Long Work Hours: Volunteers and Conscripts

30 Pages Posted: 8 Oct 2009

See all articles by Robert W. Drago

Robert W. Drago

Pennsylvania State University - Department of Labor Studies and Industrial Relations

Mark Wooden

University of Melbourne - Melbourne Institute of Applied Economic and Social Research; IZA Institute of Labor Economics

David Black

University of Melbourne - Melbourne Institute of Applied Economic and Social Research

Multiple version iconThere are 2 versions of this paper

Abstract

Using panel survey data from Australia, we divide long hours workers (persons reporting usually working 50 or more hours per week) into groups of ‘volunteers’, who prefer long hours, and ‘conscripts’, who do not. We study both the static and dynamic prevalence of the phenomenon. Norms surrounding ideal workers and consumerism play major roles in explaining conscript status, with bargaining power less important. The self-employed often appear as volunteers or conscripts, while gender, rather than motherhood, is a strong predictor of shorter work hours. Both the demand and supply sides of the labour market play a role in explaining the prevalence of long hours conscripts.

Suggested Citation

Drago, Robert W. and Wooden, Mark and Black, David, Long Work Hours: Volunteers and Conscripts. British Journal of Industrial Relations, Vol. 47, Issue 3, pp. 571-600, September 2009. Available at SSRN: https://ssrn.com/abstract=1484047 or http://dx.doi.org/10.1111/j.1467-8543.2009.00717.x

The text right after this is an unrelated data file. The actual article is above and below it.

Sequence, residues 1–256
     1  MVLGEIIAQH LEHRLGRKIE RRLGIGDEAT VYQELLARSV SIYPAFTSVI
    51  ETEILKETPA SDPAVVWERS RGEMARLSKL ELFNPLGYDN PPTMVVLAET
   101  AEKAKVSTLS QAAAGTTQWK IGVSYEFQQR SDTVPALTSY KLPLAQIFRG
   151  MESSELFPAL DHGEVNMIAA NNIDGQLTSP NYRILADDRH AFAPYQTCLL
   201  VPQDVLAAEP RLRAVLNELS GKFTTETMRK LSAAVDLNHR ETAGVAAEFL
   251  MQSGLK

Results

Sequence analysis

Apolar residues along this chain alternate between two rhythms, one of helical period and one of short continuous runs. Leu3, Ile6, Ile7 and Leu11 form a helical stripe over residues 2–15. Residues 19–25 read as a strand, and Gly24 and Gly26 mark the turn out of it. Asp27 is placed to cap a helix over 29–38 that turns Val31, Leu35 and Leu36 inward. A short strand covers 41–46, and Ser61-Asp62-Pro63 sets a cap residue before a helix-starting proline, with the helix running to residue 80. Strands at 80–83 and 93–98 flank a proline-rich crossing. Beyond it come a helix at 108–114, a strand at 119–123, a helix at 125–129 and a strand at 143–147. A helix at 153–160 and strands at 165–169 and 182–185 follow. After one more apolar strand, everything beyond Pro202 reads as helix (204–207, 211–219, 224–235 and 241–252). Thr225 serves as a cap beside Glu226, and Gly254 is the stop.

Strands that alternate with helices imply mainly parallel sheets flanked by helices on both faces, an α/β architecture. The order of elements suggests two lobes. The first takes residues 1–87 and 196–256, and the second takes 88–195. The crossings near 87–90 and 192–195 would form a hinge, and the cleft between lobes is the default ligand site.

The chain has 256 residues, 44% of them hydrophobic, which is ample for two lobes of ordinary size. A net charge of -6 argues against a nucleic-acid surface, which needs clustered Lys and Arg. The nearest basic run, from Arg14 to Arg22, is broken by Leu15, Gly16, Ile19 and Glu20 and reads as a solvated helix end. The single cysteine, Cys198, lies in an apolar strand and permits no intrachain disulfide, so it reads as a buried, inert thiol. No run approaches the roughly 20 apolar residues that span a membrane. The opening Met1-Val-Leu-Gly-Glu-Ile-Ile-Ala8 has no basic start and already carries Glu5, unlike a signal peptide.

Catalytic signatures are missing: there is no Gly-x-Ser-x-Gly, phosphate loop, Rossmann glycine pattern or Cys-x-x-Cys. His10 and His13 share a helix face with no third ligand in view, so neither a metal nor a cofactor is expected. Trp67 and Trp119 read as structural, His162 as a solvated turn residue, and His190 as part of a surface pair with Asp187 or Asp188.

Robert W. Drago (Contact Author)

Pennsylvania State University - Department of Labor Studies and Industrial Relations ( email )

University Park, PA 16802
United States
814-865-0751 (Phone)
814-863-3578 (Fax)

Mark Wooden

University of Melbourne - Melbourne Institute of Applied Economic and Social Research ( email )

Level 5, FBE Building, 111 Barry Street
Parkville, Victoria 3010
Australia

IZA Institute of Labor Economics

P.O. Box 7240
Bonn, D-53072
Germany

David Black

University of Melbourne - Melbourne Institute of Applied Economic and Social Research ( email )

Level 5, FBE Building, 111 Barry Street
Parkville, Victoria 3010
Australia

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